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How to Perform AJAX Tasks with JavaScript

Using AJAX with pure JavaScript is a two-part process. First, you must send the request. Second, you must process the response. The following code shows the two parts of the process used to change just part of a page. You must execute this code on your server — it won’t respond properly from the local drive.

// Create a connection to the server.
var Connect = new XMLHttpRequest();
function LoadDoc()
{
  // Specify which function to use on return.
  Connect.onreadystatechange = ProcessData;
         
  // Make the request.
  Connect.open("GET","Special.txt",true);
  Connect.send();
}
function ProcessData()
{
  // Verify the return status.
  if ((Connect.readyState == 4) &&
    (Connect.status == 200))
  {
   // Modify the <div> content.
   document.getElementById("ChangeText").innerHTML =
     Connect.responseText;
  }
}

The code begins by creating an XMLHttpRequest object, Connect, which is used to handle the connection with the server. This object is common to both requesting the data and processing it later.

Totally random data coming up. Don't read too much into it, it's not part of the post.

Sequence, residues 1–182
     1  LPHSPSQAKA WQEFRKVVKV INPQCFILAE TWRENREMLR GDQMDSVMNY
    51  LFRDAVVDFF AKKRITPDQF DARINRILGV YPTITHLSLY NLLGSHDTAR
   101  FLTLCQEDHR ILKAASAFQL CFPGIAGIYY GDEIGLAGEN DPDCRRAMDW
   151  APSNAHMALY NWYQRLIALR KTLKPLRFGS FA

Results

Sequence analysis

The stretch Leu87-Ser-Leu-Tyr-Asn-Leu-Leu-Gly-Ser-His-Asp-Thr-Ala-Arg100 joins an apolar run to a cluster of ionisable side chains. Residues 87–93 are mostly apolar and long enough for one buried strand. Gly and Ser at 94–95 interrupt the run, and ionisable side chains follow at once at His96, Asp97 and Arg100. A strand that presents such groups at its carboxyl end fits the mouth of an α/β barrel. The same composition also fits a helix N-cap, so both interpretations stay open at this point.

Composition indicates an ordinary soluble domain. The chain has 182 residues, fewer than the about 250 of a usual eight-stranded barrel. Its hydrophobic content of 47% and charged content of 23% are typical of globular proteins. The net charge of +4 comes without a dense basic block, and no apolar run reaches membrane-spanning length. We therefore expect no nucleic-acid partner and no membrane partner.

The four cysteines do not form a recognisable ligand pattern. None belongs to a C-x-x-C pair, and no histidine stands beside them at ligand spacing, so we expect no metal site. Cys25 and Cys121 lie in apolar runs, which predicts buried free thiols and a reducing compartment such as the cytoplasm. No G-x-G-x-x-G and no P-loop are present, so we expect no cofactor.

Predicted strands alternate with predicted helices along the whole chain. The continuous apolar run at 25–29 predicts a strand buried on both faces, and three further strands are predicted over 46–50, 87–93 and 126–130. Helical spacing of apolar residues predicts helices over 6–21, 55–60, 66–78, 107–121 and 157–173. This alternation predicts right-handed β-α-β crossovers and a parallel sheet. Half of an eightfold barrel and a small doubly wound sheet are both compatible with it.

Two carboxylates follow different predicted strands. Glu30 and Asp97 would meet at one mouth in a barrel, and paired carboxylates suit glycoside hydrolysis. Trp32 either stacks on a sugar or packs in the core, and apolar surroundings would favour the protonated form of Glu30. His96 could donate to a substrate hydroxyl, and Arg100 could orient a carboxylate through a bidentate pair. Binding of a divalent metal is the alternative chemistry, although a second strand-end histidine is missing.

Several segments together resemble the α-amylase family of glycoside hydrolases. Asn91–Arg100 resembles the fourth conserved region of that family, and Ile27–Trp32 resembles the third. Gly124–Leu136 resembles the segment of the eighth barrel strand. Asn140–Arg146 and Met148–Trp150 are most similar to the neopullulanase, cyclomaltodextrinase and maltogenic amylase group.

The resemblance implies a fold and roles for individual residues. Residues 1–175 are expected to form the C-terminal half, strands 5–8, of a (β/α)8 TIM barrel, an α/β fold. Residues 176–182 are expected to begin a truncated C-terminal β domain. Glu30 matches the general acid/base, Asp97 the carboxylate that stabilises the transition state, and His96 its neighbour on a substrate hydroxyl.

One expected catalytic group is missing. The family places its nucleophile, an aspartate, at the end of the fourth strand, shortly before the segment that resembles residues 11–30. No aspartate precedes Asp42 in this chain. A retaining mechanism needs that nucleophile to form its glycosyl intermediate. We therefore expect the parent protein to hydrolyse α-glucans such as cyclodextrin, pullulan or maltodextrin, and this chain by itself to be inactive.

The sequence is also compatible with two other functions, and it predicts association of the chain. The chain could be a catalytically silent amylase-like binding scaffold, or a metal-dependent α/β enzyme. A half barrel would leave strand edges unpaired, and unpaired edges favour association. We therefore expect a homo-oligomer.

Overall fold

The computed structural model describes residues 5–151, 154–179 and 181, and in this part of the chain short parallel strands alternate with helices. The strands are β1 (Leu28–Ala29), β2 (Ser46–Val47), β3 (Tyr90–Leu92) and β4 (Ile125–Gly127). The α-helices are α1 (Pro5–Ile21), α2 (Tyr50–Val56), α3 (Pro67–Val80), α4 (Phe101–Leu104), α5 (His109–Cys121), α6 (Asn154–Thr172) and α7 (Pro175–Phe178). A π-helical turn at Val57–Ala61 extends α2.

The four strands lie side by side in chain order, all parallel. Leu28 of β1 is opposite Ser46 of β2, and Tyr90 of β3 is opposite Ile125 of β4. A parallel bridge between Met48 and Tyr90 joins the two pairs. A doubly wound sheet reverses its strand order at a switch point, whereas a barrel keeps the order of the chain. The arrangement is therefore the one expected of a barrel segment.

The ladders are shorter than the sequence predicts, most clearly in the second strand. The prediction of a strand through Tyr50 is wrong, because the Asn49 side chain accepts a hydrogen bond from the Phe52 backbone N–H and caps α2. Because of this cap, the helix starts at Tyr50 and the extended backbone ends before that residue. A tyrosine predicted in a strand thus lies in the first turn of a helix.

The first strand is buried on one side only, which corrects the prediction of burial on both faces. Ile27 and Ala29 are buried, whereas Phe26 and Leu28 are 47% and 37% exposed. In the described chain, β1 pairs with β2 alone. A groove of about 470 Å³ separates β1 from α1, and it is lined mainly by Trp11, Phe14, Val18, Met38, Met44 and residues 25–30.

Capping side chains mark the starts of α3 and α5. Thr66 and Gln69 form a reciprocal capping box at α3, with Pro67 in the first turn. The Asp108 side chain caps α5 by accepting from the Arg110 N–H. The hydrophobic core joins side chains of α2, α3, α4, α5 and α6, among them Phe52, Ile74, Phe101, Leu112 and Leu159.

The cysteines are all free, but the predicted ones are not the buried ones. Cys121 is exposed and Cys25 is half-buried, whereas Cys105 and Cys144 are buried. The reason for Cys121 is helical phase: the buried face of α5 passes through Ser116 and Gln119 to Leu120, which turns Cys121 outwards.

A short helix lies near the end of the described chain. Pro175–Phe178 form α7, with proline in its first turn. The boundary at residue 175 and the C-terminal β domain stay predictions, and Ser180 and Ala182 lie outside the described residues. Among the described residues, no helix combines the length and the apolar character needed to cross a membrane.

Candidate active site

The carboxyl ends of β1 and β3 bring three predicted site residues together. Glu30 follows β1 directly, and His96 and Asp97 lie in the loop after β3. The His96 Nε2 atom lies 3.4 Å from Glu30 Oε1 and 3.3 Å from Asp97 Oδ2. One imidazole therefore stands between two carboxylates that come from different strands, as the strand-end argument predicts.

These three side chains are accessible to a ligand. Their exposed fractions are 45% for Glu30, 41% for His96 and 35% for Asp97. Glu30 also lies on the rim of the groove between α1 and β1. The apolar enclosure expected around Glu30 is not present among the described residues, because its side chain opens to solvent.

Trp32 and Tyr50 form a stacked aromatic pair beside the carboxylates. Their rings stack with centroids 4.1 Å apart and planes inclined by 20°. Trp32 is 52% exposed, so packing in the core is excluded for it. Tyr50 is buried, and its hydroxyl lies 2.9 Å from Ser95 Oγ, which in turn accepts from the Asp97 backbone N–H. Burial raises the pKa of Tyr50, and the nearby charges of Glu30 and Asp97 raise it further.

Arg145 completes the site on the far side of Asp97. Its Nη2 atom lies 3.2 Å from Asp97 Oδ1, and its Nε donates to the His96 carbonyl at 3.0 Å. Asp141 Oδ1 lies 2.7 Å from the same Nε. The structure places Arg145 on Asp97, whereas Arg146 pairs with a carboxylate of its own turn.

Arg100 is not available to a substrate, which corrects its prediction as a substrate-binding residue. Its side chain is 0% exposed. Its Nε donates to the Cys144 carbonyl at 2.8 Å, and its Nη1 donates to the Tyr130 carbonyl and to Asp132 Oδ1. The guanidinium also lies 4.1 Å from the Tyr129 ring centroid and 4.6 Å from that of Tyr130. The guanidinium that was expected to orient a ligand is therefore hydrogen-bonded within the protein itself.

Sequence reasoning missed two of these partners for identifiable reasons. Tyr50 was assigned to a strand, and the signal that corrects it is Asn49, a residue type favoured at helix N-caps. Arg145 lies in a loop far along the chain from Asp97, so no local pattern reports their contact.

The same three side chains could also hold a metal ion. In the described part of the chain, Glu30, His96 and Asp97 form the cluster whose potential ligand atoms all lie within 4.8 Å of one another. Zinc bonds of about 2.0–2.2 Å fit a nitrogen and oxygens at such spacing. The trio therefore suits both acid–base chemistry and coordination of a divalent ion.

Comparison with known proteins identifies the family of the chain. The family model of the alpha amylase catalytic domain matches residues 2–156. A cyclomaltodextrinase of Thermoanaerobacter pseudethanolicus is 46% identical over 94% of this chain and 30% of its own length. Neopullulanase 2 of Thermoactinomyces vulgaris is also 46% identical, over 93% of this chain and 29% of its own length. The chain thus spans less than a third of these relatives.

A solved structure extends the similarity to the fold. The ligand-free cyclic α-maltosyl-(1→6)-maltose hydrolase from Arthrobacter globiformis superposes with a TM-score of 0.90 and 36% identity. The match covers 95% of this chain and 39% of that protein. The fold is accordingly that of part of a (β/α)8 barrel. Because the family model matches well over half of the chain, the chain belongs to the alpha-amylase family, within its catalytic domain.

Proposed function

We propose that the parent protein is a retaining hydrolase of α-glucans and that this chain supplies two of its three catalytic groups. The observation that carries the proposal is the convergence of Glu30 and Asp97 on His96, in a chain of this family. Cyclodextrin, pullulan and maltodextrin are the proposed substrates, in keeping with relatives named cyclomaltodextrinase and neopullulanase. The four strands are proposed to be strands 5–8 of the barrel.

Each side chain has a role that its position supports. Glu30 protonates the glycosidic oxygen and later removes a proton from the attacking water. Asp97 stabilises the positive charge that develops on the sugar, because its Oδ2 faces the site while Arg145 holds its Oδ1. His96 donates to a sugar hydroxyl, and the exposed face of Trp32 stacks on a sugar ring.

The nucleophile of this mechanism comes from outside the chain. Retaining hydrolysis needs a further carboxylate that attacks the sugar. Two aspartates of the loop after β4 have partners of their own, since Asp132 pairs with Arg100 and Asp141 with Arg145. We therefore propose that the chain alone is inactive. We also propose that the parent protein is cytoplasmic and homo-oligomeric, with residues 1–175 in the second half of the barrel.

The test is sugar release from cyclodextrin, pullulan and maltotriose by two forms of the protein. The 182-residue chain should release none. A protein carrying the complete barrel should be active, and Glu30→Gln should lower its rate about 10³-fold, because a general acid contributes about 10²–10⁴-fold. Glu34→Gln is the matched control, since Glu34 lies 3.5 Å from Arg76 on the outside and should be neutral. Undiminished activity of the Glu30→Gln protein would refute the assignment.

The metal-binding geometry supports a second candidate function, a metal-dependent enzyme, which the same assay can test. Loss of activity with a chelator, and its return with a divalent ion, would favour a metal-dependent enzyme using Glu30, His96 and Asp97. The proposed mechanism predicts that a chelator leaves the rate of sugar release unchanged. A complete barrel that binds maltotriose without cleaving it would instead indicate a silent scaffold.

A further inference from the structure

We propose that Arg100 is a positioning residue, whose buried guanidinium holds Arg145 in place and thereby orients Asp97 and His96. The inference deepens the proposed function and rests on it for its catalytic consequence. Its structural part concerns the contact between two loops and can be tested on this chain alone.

When a user clicks Change the Text, the button calls LoadDoc(). The first step is to tell Connect where to find the function, ProcessData(), used to process the data later. The code then creates a request for Special.txt using the GET method. Notice that the open() function is set to use an asynchronous call rather than a synchronous call, which you might use when working with XML data.

The ProcessData() function receives input any time that the readyState changes for the connection. However, you don’t need to process every change. The code begins by checking for a readyState of 4 and a status of 200, which means that the response has been successfully processed and is ready to use. When this combination occurs, the code changes just the text of the target <div> onscreen.

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